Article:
Nine To Noon for Wednesday 16 March 2011
09:05 Escaping Sendai region due to rising radiation levels
Alfred Weinzierl is an Interpreter working with aid agencies and journalists covering the disaster and has fled the quake stricken region.
09:10 Japan's nuclear crisis
Dr Glenn Harvel, from the nuclear engineering department of University of Ontario's Institute of technology.
09:30 Proposed trans-Pacific trade deal raises copyright concerns
Rick Shera, partner at Lowndes Jordan, where he heads their intellectual property team. He's calling on the NZ government to make public the details of the Trans Pacific Partnership Agreement in the wake of the leaked US text which he says raises concerns about changes that will be required to NZ's copyright law. Read more on his blog.
09:45 Australia correspondent Ray Moynihan
Carbon tax, climate change, and nuclear power.
10:05 Annie Proulx - American author latest book Bird Cloud - a memoir
Annie Proulx is visiting New Zealand 16-21 March during NZ Book Month. Her new book, Bird Cloud is the first piece of non fiction Annie has written for some years. She is also the author of The Shipping News and Accordion Crimes and the short story Brokeback Mountain, which sparked the movie of the same name.
Bird Cloud - a memoir by Annie Proulx
Imprint: 4th Estate Publication date: February 2011.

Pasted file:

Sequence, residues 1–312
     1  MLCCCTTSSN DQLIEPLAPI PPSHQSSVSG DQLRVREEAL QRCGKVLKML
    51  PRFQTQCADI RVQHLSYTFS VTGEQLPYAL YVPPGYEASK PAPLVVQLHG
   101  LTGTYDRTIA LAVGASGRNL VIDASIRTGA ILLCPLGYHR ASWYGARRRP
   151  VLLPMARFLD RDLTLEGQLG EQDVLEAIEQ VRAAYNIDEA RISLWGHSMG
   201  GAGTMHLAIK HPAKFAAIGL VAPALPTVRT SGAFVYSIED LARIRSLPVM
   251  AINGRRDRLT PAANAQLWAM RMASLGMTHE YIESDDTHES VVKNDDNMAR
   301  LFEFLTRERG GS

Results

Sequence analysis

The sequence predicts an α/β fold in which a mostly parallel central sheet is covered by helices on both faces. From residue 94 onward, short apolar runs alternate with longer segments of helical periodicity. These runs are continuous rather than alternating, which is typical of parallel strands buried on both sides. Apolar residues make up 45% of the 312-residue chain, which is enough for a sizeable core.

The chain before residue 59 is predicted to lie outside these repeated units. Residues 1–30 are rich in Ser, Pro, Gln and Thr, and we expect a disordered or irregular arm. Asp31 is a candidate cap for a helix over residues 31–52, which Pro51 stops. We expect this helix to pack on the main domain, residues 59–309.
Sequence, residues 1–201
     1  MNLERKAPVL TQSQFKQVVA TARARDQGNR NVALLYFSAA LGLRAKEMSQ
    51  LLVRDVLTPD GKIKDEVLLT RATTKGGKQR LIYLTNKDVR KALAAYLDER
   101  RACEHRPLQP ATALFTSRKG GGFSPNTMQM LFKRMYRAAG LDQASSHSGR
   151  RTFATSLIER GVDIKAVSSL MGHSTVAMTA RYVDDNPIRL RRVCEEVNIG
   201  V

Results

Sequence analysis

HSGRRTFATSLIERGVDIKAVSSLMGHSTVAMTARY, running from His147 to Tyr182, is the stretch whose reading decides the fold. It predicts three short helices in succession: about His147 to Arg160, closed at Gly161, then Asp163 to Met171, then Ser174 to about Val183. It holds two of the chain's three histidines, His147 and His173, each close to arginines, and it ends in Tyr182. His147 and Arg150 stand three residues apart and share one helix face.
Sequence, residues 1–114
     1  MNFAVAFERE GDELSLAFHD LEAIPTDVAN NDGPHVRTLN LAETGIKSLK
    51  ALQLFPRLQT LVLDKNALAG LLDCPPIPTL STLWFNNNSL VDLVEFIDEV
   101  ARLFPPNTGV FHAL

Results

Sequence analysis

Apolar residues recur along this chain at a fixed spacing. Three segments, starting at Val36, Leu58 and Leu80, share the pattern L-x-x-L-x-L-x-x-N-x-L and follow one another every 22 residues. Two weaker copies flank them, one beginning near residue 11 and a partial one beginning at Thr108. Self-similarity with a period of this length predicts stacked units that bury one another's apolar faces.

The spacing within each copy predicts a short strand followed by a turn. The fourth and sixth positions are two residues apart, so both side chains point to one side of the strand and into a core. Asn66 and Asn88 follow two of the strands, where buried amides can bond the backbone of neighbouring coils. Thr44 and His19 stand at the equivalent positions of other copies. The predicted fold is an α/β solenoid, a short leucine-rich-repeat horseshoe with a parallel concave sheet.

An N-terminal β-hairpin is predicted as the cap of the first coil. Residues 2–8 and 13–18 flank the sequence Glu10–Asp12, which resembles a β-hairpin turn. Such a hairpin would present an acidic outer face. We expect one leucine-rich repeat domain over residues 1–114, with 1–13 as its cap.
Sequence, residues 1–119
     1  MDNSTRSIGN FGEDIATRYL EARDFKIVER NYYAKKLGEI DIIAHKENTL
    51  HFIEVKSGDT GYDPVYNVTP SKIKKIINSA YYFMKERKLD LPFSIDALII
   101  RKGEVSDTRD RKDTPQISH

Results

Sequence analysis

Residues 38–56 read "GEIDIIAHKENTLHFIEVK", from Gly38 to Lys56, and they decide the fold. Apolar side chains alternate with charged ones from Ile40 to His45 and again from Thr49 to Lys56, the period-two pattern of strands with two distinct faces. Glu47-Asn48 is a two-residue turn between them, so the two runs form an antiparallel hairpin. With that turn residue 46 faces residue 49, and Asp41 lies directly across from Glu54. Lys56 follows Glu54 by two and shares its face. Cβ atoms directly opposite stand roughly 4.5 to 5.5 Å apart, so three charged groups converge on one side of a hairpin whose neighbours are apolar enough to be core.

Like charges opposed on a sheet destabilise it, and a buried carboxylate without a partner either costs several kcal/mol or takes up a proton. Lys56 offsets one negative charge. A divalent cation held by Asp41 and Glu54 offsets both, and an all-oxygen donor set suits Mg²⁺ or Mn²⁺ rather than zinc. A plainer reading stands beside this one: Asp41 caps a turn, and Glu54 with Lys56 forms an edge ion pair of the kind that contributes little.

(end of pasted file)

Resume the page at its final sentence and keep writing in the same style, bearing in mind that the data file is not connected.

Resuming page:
10:30 Book Review with Quentin Johnson
People Who Eat Darkness by Richard Lloyd Parry
Published by Jonathan Cape
10:45 Reading:Hello Dubai, written & read by Joe Bennett (Part 8 of 10)
Joe learns about Rashid, the father of modern Dubai and meets Varood, an African Indian, who encapsulates the commercial globalisation that enshrines it.
11:05 Music review with Marty Duda
Artist of the Week: Santana
1. Soul Sacrifice (4:47) - Santana taken from 2009 album "The Woodstock Experience" (Columbia/Legacy)
2. Song Of The Wind (6:02) - Santana taken from 1972 album "Caravanserai" (Columbia)
3. Hold On (3:49) - Santana taken from 1982 album "Shango" (Columbia)
4. Maria Maria (4:21) - Santana taken from 1999 album "Supernatural" (Arista)
11:30 Legal commentator Michele Wilkinson-Smith
The issues around children going through the court system.
11:45 Arts commentator Courtney Johnston
A study that reveals people can tell the difference between abstract art and paint slapped on a canvas by an elephant, and the new TV7 documentary How to Look at a Painting.
Left: a painting by 4-year-old Jack Pezanosky. Right: 'Laburnum', by Hans Hoffman.
Seeing the Mind Behind the Art: People Can Distinguish Abstract Expressionist Paintings From Highly Similar Paintings by Children, Chimps, Monkeys, and Elephants (Psychological Science)
My Monkey Could Have Painted That. Really? (Psychology Today)